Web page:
Category: Links (Page 1 of 2)

NYT Surprised that Birding is Good for You

The New York Times is surprised that there are health benefits to birdwatching, an activity that includes all of the following:

  • time outside in nature
  • walking and hiking
  • learning a new vocabulary
  • learning new skills
  • introducing you to new people
  • taking you to new places

Don’t get me wrong – it’s nice to have newspapers encouraging people to notice birds, to care that we conserve habitat for them, and to participate in Christmas Bird Counts. If it takes a health payoff for people to do any of those things, it can’t hurt to trumpet the benefits to the mind and soul of birdwatching. But what is surprising to me is that it is surprising to the New York Times that a hobby that gets people away from their screens and out walking around is good for you. I can’t wait for their next installment — the surprising social awkwardness of nerds who stare at the world through binoculars.

Even more perplexing was the caption to one of the photos in the article, which appears to understand a “big year” not as an attempt to see as many bird species as you can see in 12 months in a particular place (the universal definition of a “big year” for all birders), but as seeing 300 species or more in 12 months. That’s nice work, be the location the country, a state, a county, or a 5MR. But it’s not what birders mean when they say someone did a “big year.”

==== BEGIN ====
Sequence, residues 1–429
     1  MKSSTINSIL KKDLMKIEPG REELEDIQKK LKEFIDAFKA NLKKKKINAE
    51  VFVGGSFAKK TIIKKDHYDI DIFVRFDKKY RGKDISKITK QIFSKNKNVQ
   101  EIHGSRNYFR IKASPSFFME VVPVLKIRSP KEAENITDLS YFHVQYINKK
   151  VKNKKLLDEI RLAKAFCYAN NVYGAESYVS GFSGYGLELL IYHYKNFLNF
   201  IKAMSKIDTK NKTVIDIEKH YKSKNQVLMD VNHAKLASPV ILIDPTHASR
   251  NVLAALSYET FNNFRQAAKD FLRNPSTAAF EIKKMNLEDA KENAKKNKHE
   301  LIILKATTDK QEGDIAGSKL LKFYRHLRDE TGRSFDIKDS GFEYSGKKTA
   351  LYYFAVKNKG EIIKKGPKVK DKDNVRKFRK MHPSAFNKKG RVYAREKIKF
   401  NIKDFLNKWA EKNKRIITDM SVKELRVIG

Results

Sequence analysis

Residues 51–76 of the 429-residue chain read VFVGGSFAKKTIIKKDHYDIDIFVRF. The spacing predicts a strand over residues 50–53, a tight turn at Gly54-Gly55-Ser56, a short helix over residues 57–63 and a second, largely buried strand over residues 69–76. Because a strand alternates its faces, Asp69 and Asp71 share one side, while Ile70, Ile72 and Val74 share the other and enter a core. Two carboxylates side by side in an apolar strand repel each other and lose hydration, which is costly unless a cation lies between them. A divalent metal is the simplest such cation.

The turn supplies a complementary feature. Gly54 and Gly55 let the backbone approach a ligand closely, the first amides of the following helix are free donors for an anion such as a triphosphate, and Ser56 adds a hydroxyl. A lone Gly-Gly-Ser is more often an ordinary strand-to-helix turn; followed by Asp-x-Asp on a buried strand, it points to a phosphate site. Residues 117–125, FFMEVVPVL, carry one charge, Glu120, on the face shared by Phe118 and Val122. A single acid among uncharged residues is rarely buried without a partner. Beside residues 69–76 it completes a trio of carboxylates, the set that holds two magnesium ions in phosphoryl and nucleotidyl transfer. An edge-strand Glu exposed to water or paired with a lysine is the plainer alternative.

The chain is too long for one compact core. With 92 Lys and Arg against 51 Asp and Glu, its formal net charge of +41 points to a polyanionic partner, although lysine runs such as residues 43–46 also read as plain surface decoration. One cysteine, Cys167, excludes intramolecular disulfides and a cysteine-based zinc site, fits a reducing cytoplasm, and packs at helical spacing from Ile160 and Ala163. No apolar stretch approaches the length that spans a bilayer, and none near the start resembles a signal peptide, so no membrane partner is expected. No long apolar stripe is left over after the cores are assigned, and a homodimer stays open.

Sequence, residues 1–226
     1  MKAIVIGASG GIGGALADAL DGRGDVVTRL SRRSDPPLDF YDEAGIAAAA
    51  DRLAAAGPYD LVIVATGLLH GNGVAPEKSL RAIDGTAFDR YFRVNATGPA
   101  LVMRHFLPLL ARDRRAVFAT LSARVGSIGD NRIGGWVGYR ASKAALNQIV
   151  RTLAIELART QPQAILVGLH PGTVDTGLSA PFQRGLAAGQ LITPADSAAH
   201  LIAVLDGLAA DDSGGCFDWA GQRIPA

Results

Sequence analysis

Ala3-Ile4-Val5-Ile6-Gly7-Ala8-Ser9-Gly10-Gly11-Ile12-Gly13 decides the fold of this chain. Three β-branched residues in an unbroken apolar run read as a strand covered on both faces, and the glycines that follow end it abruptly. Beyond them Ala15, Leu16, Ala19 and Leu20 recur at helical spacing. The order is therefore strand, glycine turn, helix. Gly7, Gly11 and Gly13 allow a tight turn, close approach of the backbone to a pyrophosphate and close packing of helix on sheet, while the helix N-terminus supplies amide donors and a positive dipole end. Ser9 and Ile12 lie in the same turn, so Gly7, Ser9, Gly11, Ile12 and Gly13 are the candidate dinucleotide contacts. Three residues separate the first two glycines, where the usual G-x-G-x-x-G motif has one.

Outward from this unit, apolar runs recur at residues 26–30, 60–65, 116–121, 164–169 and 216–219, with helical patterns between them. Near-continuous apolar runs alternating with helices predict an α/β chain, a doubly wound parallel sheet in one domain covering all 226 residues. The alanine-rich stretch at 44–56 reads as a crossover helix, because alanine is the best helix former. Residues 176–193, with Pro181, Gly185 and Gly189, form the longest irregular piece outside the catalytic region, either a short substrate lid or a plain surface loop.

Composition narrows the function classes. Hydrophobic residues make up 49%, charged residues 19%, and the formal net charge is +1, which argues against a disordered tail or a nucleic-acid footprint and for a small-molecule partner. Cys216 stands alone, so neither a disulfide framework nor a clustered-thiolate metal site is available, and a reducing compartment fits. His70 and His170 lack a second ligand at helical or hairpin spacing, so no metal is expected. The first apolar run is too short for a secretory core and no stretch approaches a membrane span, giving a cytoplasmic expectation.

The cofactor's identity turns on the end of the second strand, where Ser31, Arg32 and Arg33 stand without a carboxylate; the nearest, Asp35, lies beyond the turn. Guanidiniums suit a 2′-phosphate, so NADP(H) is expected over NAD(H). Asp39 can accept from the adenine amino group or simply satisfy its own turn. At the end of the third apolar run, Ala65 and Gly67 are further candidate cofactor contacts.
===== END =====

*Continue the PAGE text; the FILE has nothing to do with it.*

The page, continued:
The Danger of Amusement Parks for Birds

Nervous excitement

The website for the SpringShot ride at Morey’s Pier in Wildwood, New Jersey tells you to “Climb up. Strap in. Hold on as spring power and steel aircraft cables send you straight up into the air.” Left off from the last sentence, a young girl recently learned, was the phrase “and directly into the flight path of a seagull.”

Sudden apprehension as she spots potential trouble

Kiley Holman undoubtedly got closer to the birds than ever she expected when she and her friend were launched into the air on the ride. Just a second after the ride began, her path crossed with that of a seagull flying above.


Since every possible moment in time is a moment when one can be birding, we should pause to ID the innocent victim gull. Doing so turns out to be pretty easy. From the picture above, we see nearly all black primary tips, dark gray upper wings, a white bar on the trailing edge of the wing, and a white tail. The still below gives us a great look at the gull’s dark hood and white arc above the eye. Given the location, we can basically rule out Franklin’s Gull, and conclude that’s an irony-free Laughing Gull doing a face-plant on this girl at an amusement park. 

Laughing gull on the right, not laughing human on the left (laughing author of blogpost not pictured)

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